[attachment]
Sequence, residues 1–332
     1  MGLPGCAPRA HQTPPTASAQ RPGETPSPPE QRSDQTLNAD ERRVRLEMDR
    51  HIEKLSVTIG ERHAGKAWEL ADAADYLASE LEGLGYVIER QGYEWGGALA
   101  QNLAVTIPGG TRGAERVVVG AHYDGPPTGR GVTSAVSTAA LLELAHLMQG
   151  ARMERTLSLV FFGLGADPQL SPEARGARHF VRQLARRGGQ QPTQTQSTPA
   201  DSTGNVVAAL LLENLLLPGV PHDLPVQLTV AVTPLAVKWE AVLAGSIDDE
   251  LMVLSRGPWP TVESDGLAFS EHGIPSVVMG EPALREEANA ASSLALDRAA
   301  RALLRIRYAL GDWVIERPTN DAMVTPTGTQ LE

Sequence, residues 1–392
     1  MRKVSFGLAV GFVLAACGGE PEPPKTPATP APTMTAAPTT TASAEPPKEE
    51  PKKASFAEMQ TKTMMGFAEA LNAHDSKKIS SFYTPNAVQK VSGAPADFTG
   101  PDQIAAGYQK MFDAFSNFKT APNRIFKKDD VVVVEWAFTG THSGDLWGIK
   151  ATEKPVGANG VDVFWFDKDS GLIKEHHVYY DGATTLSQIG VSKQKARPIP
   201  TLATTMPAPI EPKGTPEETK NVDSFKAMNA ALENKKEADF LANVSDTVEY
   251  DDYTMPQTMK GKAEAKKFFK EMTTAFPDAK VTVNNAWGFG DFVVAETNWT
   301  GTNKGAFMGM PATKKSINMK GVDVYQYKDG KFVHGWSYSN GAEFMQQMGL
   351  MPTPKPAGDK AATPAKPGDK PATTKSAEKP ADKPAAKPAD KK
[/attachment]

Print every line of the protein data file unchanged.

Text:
Sequence, residues 1–332
     1  MGLPGCAPRA HQTPPTASAQ RPGETPSPPE QRSDQTLNAD ERRVRLEMDR
    51  HIEKLSVTIG ERHAGKAWEL ADAADYLASE LEGLGYVIER QGYEWGGALA
   101  QNLAVTIPGG TRGAERVVVG AHYDGPPTGR GVTSAVSTAA LLELAHLMQG
   151  ARMERTLSLV FFGLGADPQL SPEARGARHF VRQLARRGGQ QPTQTQSTPA
   201  DSTGNVVAAL LLENLLLPGV PHDLPVQLTV AVTPLAVKWE AVLAGSIDDE
   251  LMVLSRGPWP TVESDGLAFS EHGIPSVVMG EPALREEANA ASSLALDRAA
   301  RALLRIRYAL GDWVIERPTN DAMVTPTGTQ LE

Sequence, residues 1–392
     1  MRKVSFGLAV GFVLAACGGE PEPPKTPATP APTMTAAPTT TASAEPPKEE
    51  PKKASFAEMQ TKTMMGFAEA LNAHDSKKIS SFYTPNAVQK VSGAPADFTG
   101  PDQIAAGYQK MFDAFSNFKT APNRIFKKDD VVVVEWAFTG THSGDLWGIK
   151  ATEKPVGANG VDVFWFDKDS GLIKEHHVYY DGATTLSQIG VSKQKARPIP
   201  TLATTMPAPI EPKGTPEETK NVDSFKAMNA ALENKKEADF LANVSDTVEY
   251  DDYTMPQTMK GKAEAKKFFK EMTTAFPDAK VTVNNAWGFG DFVVAETNWT
   301  GTNKGAFMGM PATKKSINMK GVDVYQYKDG KFVHGWSYSN GAEFMQQMGL
   351  MPTPKPAGDK AATPAKPGDK PATTKSAEKP ADKPAAKPAD KK